Want to Upset a Reporter? Call to ‘Follow Up’ on Your Email

Phone Talkin © by Martin Cathrae

Journalists, as a group, have a lot of pet peeves: sources who want to go off the record for no good reason, overly literal editors, the Oxford comma. But the biggest complaint? Getting calls from flacks who want to make sure that their email arrived. We live in 2013: the email always arrives.

Jeffrey Young, an otherwise calm and thoughtful Huffington Post reporter, once wished death on PR pros who dare to waste his time following up on an email (“DIE IN A FIRE,” he tweeted). Washington Post policy wunderkind Ezra Klein says he lets all calls go to voicemail, lest he waste his day confirming that — yes — the email actually arrived. Ivan Oransky, the executive editor of Reuters Health, published a list of more than 20 snarky responses reporters could use when they get that phone call. (Hanging up and putting the call on indefinite hold were two popular tactics.)

Despite the near-universal condemnation, the calls keep coming.

Sometimes, it’s a function of inexperience on the part of the PR pro. But more often, it’s pressure to get a response — any response — to satisfy a boss or a client or that blank spot next to a reporter’s name on a media list, trading lasting damage for a small bit of certainty. But if calls are off-limits and an email pitch goes unresponded-to, what is a flack to do? I have three suggestions:

  • Email Again. Huffington Post business editor Nate Hindman — who is also in the explicitly anti-phone camp — doesn’t have any problem with a second email. A gentle note of reminder is usually far more appreciated than a ringing phone.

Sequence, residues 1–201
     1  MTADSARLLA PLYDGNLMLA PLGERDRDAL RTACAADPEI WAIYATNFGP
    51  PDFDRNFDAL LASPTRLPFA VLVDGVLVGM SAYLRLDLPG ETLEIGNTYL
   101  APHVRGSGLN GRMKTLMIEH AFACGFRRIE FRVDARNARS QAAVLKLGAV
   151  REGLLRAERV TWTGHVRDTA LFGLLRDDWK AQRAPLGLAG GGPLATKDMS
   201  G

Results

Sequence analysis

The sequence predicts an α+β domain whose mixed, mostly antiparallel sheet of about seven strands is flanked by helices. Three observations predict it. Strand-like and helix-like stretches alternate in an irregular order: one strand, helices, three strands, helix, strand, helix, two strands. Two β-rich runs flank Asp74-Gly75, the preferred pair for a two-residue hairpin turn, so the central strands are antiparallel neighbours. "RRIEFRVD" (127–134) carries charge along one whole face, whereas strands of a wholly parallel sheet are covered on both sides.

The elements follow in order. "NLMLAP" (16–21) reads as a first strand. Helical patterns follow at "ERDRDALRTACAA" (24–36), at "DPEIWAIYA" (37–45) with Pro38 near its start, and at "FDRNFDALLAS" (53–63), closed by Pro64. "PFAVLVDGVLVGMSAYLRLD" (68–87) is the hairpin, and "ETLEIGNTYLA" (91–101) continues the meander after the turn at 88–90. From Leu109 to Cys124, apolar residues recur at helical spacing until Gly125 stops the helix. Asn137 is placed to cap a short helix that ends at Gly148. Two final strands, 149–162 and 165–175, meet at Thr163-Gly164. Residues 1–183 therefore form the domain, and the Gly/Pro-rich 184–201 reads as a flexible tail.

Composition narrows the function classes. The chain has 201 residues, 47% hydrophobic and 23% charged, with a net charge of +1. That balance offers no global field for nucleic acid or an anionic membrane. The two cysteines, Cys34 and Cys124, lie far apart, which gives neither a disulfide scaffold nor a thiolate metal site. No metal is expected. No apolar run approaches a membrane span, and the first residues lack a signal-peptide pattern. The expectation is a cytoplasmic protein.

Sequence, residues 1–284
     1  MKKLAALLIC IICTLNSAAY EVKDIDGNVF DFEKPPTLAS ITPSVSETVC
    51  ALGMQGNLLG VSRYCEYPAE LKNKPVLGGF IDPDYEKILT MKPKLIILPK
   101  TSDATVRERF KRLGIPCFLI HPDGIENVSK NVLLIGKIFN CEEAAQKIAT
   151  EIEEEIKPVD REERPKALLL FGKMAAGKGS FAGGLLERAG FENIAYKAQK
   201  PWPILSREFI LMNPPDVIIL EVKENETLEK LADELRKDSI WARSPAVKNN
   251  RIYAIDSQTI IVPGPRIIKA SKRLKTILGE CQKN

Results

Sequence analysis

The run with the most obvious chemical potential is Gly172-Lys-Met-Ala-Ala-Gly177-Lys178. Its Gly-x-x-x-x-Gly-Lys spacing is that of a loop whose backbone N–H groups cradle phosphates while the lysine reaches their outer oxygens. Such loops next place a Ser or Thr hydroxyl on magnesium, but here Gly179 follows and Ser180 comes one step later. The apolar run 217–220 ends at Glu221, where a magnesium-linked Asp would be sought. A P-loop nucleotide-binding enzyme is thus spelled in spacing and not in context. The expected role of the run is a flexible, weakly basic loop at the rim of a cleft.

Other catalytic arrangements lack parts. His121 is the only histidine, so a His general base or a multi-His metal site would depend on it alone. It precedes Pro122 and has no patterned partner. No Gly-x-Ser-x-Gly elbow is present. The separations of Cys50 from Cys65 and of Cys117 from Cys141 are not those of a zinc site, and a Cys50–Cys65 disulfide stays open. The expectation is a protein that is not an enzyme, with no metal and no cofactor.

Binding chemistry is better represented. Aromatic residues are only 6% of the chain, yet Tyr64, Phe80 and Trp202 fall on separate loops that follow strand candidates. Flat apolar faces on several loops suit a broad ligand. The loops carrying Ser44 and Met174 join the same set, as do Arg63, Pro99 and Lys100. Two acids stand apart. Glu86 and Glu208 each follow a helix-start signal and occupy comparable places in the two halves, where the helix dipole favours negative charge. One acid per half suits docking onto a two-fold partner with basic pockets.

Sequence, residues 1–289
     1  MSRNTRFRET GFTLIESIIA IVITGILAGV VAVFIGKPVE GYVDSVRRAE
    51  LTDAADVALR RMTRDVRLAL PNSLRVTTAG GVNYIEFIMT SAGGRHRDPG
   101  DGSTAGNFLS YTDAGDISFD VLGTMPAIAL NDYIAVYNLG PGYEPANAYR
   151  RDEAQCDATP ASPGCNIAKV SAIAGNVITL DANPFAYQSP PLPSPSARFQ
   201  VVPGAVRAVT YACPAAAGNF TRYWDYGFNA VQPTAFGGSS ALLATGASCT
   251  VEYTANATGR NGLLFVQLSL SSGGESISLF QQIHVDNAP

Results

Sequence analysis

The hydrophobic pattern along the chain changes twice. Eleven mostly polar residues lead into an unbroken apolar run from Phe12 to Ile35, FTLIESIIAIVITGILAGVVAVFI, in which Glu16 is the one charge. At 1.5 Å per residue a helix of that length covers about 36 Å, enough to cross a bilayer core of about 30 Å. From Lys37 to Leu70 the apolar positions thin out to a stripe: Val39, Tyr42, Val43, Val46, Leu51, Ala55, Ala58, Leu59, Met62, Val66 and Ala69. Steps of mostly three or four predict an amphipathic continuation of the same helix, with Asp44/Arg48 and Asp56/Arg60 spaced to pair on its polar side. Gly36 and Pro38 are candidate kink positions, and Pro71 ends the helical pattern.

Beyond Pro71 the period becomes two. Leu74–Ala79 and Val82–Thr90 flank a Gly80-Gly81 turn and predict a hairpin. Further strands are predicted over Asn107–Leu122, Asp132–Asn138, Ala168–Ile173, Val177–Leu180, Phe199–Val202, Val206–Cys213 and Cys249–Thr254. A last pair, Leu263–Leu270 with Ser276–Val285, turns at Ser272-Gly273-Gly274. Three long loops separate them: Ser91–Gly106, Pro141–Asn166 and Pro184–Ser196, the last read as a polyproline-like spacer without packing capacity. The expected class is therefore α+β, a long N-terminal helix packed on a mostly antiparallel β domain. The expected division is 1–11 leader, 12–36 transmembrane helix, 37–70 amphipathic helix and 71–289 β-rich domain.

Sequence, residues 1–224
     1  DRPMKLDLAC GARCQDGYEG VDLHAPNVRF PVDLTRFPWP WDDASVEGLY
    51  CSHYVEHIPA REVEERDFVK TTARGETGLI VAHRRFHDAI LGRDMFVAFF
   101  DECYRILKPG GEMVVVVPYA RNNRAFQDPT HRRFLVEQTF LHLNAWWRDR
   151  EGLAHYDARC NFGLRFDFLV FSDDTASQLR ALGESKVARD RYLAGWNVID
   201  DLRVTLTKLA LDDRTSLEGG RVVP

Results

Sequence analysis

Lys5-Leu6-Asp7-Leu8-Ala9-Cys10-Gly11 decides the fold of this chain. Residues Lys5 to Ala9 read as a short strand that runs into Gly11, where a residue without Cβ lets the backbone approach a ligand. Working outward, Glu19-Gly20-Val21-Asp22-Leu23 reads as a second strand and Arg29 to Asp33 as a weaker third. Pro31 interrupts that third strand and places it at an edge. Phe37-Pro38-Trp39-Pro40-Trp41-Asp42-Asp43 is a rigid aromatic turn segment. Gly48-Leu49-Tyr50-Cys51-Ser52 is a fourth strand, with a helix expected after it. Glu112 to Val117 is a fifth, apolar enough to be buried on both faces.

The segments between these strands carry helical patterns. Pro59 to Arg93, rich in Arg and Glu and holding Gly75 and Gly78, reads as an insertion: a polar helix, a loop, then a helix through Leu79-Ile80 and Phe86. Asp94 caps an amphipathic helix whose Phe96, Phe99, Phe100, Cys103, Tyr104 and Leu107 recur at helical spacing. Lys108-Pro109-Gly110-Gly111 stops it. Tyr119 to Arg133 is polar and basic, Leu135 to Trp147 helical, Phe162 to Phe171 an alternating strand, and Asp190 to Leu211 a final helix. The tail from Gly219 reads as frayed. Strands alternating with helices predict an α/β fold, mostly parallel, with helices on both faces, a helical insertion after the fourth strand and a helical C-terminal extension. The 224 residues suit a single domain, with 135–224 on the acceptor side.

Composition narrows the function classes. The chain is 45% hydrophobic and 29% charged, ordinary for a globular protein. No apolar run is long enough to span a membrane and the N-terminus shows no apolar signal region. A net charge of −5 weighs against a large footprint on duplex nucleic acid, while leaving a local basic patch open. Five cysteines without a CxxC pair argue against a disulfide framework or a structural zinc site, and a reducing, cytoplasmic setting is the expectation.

• Try an End Run: If one reporter has gone dark, there may be another reporter (or producer or editor or freelancer) that may be more engaged. Just be transparent about the previous pitch. No reporter wants to think you’re going over their head, so explain yourself.
  • Buttonhole the Reporter: If the pitch is really important, and the reporter hasn’t responded, try to nab them in person. Grab them for coffee. Check in with them at a conference. And if you don’t have a strong enough relationship to schedule a coffee then the problem isn’t with the pitch. It’s with the relationship.

At the end of the day, a reporter who ignores a pitch is often signaling that not only are they not going to write the story, they’re not even going to consider it. A pitch with a high rate of non-responders may be fundamentally flawed, regardless of whether it’s delivered by email or phone or carrier pigeon.

So rather than taking radio silence from reporters as a reason to hit the phones (and damage relationships), it’s worth first looking inward: Is the pitch brief? Is it well-targeted to the writer’s area of interest? Has a relationship been established with the reporter?

If those questions can’t be answered, then you’re just phoning it in. Just don’t compound the damage by literally phoning it in.

Brian Reid has nearly two decades of experience as a modern storyteller. He a director at W2O Group, where he specializes in media relations and strategy. His past lives have included positions as a Bloomberg reporter, a Washington Post blogger, an NIH writer and a freelance journalist.

[recent posts]

Share on Tumblr

  • Sarah Weddle